The last few weeks was characterised by a period of confusion and general displeasure, I was in an early mid-life crisis. Arguably, I still am. On the one hand, my dream of creating value in the world is as distant as ever, and on the other, I fully recognise the need for some form of change. I was not happy with where I was and desperately searching for answers. There was an article published some time ago about a holocaust survivor who happens to be a very well respected psychiatrist before being captured by the Nazis, his name was Viktor Frankl. Without delving too deep into his story, I was struck by one of his theories on mans’ search for meaning: Some draw happiness from within, others do so by the act of ‘giving’. These people are most satisfied when the other group is happiest, whether it was contributed to directly or indirectly. With reflection I came to the conclusion that I belong firmly in the latter category. I am most satisfied with myself when I contributed something positive to this world; value creation since then has edged closer to the centre of my meaning of life. But, and here is the big but, I am not currently creating any value! Crucially, I am not engaging in any activity which would assist me towards that goal. Something need to change, something must be done.
One day in March, I chanced upon an ad for an event headed by the CEO of General Motors at London School of Economics. First of all I like to add that I am a sucker for the famous. Couple of years ago whilst inter-railing across Europe, which seems like the thing to do at my age, my friends often joked about my feverish appetite for landmarks which boasts ‘world-famous’ in the travelling guide. I would repeatedly lead them through many narrow alleyways in between getting lost, to arrive at a rather plain looking building before happily exclaiming ‘this is it guys! It’s world- famous!’ In hind sight most of them did turn out mediocre, but I took a photo anyway, they must be famous for something!
‘CEO of General Motors’ grabbed my attention immediately, then the title lit up my imagination – Leading change. Perfect. I was not entirely sure what this change entails, the description goes along the line of hearing his view on the transformation of the company from bankruptcy into a hugely profitable one within a very short period of time. A little dig on the CEO’s profile revealed an experienced man with tremendous success throughout his career. Record profits and record expansions from one firm to the next, and right there and then, my mind was made up. Being a leader would entail many qualities what would propel me towards the goal, and with zero hesitation I signed up to the event list.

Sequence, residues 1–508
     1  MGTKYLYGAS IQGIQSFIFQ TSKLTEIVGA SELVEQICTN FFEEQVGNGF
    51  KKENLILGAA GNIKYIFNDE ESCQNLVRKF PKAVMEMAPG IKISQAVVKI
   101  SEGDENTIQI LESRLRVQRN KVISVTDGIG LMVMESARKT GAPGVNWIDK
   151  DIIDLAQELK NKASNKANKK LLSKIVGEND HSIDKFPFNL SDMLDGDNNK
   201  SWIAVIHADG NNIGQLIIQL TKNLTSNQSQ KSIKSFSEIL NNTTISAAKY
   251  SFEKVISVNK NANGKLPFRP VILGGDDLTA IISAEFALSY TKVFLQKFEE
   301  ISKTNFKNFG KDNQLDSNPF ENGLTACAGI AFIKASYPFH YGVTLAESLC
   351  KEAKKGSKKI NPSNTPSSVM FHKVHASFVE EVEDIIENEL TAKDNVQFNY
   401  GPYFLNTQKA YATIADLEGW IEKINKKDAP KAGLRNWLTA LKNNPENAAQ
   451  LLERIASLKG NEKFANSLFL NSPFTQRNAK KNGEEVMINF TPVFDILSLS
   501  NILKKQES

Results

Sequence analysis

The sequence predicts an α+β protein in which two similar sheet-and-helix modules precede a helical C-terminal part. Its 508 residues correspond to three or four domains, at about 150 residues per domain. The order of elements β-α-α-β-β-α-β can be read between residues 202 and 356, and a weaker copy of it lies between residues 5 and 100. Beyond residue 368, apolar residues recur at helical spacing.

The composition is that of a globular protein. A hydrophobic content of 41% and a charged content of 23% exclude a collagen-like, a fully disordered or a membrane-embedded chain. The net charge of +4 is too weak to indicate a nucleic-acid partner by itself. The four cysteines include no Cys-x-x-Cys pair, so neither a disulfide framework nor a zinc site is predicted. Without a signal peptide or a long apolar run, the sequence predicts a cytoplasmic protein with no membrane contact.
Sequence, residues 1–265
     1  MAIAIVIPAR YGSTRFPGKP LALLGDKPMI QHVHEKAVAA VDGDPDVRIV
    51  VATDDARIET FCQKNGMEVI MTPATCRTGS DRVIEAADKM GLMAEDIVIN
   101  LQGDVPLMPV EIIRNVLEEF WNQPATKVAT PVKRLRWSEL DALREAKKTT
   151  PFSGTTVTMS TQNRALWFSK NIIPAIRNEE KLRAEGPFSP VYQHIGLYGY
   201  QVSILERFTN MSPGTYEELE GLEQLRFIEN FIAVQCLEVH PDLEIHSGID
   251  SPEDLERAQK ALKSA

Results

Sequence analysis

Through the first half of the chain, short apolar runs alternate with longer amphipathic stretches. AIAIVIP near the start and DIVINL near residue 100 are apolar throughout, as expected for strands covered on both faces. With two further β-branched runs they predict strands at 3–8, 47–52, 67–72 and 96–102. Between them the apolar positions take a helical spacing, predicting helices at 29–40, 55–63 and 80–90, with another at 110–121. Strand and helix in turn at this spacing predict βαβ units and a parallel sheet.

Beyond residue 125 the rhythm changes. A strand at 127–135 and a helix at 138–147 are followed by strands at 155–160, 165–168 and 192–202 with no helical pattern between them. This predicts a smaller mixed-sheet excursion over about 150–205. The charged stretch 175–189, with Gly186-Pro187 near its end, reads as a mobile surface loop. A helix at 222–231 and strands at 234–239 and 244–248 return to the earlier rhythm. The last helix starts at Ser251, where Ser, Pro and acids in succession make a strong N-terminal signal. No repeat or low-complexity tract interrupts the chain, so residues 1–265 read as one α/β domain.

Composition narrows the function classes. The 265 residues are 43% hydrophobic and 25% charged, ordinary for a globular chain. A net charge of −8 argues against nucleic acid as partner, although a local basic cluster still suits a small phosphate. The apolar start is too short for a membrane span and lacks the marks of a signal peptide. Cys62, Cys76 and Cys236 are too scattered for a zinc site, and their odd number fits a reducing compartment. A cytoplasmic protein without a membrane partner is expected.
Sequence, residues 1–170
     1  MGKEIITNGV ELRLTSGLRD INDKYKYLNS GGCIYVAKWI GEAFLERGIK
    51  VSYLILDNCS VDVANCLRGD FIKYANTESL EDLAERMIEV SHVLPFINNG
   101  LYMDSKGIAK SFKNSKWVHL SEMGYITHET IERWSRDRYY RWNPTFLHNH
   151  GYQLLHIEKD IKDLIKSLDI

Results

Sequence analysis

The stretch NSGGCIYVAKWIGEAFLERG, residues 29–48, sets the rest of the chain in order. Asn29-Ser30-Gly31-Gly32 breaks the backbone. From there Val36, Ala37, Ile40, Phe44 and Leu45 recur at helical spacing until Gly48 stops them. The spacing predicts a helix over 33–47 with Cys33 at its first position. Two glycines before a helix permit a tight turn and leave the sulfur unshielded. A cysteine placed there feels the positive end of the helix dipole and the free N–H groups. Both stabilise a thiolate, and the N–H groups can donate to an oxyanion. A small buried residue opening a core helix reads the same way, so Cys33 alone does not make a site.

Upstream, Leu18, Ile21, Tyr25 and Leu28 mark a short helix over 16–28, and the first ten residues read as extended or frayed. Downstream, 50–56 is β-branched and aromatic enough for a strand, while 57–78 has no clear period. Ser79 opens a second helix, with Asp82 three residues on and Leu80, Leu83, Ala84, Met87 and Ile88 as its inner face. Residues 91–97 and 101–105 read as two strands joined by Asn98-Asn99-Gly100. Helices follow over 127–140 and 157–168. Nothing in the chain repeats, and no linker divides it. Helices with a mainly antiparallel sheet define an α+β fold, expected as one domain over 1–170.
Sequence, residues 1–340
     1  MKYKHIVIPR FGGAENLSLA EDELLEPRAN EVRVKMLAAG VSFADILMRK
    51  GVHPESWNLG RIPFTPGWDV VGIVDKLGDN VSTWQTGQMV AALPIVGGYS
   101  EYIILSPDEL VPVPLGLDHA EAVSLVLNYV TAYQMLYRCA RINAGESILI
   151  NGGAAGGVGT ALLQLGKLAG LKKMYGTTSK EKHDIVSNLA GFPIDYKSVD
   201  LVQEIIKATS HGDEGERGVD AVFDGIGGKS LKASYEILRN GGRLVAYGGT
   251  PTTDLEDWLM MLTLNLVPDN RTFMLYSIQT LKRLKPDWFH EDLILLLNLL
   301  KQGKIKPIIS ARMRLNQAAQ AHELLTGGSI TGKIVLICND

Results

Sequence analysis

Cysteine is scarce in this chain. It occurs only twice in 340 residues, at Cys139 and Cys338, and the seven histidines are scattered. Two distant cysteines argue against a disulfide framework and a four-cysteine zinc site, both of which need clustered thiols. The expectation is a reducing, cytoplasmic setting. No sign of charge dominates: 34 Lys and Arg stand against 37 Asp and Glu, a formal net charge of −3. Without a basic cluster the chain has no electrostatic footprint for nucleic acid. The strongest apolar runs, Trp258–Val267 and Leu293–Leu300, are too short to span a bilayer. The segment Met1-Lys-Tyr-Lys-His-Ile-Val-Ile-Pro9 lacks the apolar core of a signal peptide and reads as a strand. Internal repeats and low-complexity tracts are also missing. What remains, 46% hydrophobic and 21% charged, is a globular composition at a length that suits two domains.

I arrived at LSE shortly before the starting time, sitting myself on the balcony of a lecture hall with a great view of the podium. The seat was a little narrow (I have been going to the gym religiously of late), comfortable never the less and it certainly wasn’t going to distract me from the talk (Really it’s because the guy sitting next to me I imagine, prefer bacon double cheese over a bowl of salad). The seats filled up pretty quickly, and after a brief introduction by the chair of the event, the CEO took over the microphone with an air of relaxed ease. There he was, Mr CEO Dan Akerson, a man who commanded my respect before I even know much about him. He was bold in between patches of white on the sides of his head, and spoke with a distinct American accent. He opened on a light note that he only just flew in from Germany after a meeting with Chancellor Angela Merkel, ‘I had to tell her I have a speech at LSE and must leave.’ Then amongst chuckles in the audience added ‘Gotta say that wasn’t very easy!’ With that he began recounting his career. He was a navy academy undergraduate before joining the navy, after a brief spell he joined several technology firm, first of all MCI Communications, where he took on the powerhouse Bell Lab and broke their monopoly. He then went to Carlyle Group, a private equity firm where they made record profits, before joining GM in 2010, turning around the struggling company to achieve the largest profit ever. There was a recurring theme of taking on big rivals throughout his career, and I could see as well as hear in his voice that he was extremely proud of those moments. This is a man who loves taking on seemingly impossible challenges; someone who thrives on tasks nobody thought possible! Within all this pride came a quote from Margret Thatcher, who he especially mentioned as her passing was only a few days earlier –
‘You may have to fight a battle more than once to win it!’
Persistence he said, tenacity, was the key to win. The focus of the talk invariably went to his current role as the CEO of General Motors. What happened to the crown jewel of proud American manufacturing, the brand which commanded the rare AAA debt rating prior to filing for bankruptcy in 2009, he explained, is the inability to change. The management did not prepare ahead and made to pay for the changing market, GM failed because it did not anticipate long term changes and simply could not react quickly enough. He saw what he described as chronic mistakes made by the previous managements: ‘Companies must prepare for change in the future’ ‘…willing to predict and meet those changes’. What he focuses on isn’t this year or the next, but 10 or 20 years down the line. An appetite for short term performances do not bold well for long term gains he declared. This stinging remark could well be referring to the current banking crisis, where short term greed exacerbated the weaknesses in our economic models and helped fuel the longest/deepest financial crisis in peacetime. On the wall of his office rest a plague, in which a page from an edition of the Times showed 3 GM cars. What made the page so significant was that out of the three major brands of cars, you could not tell one brand from the other! The moral of the story is bad management, he affirmed, which allowed brand overlaps to erode individual identity. At the end of the day, products make the company, and when the brand value of a product fades you then have a bad company. Dan blamed it all on the short sightedness of the previous leadership, where during the boom times they expanded too quickly without much consideration, squandering cash to buy IT companies when they really should have invested in their core products, to meet changing demands and the need of tomorrow.